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R-Day— the significance

Monday - January 28, 2019 6:43 pm , Category : WTN SPECIAL

WTN: Every year we celebrate Republic Day with much pomp and show. A plethora of new announcements are made for the development of the country and we remember our patriots and martyrs through cultural events. We eat sweets, sing the national anthem early in the morning , hoist flags wherever we can and thus the day passes in holiday celebrations. Once it is over, most of us forget the heroes the nation for the rest of the year and what or where of ‘republic’ is relegated to the backburner.

The tenets of secularism or socialism or equality that our nation stands for, are often downplayed or conveniently sidelined for the promotion of fringe ideologies that belie the significance of ‘republic’ and Republic Day. January 26 has just remained a date in the official calendar for most of us. The ideas which were envisaged to strengthen the country are today manipulated for narrow interests and selfish gains that weaken the fabric of the nation.

A republic is only a true republic if its citizens feel they are one and belong to the nation, if they have equal share of the rights and privileges with other fellow beings in society. Unfortunately, poverty and disparity divide people and stratify us. As long as the gap between the haves and have-nots keeps widening, republic cannot be realised in its full spirit. In India, equitable distribution of resources is a major problem, because of policy lacunae and corruption. This leaves a large section of the population marginalised and deprived. Economic power is also related to social justice, which is why, poverty also breeds greater injustice and violence and distances people from people. This fragments society and the unity and harmony that a republic envisages, fails.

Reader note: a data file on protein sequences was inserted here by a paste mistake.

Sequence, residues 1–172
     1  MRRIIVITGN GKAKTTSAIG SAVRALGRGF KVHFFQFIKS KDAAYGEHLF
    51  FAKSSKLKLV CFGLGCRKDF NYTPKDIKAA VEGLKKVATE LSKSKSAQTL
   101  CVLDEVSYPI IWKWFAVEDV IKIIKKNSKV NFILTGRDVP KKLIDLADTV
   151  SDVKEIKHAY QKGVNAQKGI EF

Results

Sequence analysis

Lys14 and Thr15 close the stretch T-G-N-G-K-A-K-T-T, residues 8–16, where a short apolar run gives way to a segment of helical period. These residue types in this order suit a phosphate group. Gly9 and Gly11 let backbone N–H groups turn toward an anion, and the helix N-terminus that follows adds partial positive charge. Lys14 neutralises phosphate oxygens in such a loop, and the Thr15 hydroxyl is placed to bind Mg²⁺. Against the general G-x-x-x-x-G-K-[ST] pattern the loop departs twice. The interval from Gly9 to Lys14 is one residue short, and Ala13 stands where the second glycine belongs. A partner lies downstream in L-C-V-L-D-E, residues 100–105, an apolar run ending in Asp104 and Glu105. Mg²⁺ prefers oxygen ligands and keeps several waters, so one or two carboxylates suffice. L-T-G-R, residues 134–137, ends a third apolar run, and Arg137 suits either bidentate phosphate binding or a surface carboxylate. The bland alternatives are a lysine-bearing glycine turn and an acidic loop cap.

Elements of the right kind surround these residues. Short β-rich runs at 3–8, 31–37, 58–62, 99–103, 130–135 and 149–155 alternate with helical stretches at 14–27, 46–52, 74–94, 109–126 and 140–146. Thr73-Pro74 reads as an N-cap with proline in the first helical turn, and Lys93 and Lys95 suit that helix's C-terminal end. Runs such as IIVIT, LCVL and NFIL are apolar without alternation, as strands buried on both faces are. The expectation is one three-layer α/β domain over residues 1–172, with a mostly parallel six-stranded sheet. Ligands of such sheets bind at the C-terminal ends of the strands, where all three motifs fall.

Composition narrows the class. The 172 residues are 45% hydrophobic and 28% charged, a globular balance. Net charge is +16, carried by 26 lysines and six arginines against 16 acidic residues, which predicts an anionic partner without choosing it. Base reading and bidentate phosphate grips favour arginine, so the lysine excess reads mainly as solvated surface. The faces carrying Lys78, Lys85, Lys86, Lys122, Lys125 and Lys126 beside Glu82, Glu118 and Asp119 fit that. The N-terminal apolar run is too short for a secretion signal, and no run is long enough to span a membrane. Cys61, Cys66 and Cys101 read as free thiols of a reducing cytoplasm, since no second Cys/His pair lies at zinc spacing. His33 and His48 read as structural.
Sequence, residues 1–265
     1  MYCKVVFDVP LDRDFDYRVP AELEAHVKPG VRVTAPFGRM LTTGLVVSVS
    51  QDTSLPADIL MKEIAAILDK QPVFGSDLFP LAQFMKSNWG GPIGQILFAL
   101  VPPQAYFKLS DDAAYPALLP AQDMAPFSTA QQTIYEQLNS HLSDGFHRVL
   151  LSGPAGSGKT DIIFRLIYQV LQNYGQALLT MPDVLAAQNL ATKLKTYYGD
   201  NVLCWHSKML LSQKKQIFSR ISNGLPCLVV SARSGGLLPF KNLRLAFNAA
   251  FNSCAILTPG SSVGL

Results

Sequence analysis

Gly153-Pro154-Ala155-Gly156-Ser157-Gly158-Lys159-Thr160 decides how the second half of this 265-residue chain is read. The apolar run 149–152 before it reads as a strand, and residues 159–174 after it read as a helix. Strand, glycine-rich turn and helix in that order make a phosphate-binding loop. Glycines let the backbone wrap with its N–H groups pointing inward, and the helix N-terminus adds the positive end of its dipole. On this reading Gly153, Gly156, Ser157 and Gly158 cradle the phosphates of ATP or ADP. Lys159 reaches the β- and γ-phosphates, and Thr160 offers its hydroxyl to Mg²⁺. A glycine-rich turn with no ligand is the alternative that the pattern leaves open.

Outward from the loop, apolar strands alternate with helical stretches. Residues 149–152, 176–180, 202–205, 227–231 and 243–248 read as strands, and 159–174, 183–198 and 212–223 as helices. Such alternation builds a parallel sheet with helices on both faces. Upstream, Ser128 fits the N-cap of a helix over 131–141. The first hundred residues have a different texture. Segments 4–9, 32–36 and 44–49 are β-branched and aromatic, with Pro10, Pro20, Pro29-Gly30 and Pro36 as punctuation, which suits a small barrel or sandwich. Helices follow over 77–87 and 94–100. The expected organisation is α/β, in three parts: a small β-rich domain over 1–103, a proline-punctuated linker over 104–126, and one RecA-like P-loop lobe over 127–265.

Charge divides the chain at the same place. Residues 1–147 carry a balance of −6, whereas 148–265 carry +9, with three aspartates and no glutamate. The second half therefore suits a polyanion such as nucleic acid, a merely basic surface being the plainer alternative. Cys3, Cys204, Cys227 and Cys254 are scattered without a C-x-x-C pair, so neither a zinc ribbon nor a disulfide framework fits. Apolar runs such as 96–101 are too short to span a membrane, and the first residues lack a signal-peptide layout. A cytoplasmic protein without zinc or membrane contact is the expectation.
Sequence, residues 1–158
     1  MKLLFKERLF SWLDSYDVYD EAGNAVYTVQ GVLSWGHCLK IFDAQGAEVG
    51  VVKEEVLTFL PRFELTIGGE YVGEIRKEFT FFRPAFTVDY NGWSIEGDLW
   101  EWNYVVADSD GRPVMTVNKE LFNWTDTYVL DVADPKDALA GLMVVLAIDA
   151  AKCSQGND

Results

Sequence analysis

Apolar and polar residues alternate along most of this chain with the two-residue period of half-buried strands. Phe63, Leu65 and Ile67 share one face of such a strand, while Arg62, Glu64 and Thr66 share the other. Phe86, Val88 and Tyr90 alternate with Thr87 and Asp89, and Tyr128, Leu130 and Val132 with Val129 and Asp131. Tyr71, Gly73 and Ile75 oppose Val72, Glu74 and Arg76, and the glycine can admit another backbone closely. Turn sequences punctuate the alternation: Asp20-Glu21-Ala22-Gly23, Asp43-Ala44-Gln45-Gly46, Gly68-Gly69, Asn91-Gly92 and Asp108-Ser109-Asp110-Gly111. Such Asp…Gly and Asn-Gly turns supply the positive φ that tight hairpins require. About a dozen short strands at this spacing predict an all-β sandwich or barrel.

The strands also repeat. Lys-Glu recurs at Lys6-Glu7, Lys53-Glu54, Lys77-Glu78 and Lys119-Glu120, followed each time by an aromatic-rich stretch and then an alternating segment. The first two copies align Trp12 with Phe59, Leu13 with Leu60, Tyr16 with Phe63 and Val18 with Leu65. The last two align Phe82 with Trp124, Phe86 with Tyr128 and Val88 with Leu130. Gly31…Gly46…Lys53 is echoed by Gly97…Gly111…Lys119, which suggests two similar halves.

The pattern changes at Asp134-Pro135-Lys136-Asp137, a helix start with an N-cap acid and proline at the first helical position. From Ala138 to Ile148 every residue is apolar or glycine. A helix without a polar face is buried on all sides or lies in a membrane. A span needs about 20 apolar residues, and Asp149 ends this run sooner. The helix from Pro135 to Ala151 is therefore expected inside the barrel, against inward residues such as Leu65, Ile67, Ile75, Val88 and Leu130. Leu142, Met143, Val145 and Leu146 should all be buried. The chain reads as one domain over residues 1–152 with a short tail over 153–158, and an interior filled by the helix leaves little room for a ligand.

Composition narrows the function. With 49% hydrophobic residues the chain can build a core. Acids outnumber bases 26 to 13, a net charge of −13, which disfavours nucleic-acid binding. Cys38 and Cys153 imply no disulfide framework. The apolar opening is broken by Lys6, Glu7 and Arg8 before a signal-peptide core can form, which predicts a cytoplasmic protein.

This is bound to weaken democratic values. When just 1 per cent  of the population corners over 50 per cent of the nation’s wealth, while the rest 99 per cent have to do with less than 50 per cent resources, there is bound to be unhappiness, resentment and poor social development indices. No wonder we have one of the largest number of rapes and abuses in the world, our women are the most anemic, most of our children are underweight and stunted, thousands of children go amiss due to trafficking and a complicit police, many are engaged as child labourers in hazardous workplaces. We lead in infant and maternal mortality rates; our per capita income is among the lowest in the world, we have a plethora of illiterate, half literate leaders who have criminal records and assets disproportionate to their income. Our universities fare poorly in global rankings. As long as these injustices and falsities exist in our society, we are not truly a successful republic. 

There are several systemic failures in our whole system that we need to address, poverty alleviation and social security being the most urgent and important of them. If the true value of republic is understood and if it is put into practice in its full potential, no one can stop India from being one of the greatest nations in the world. -Window To News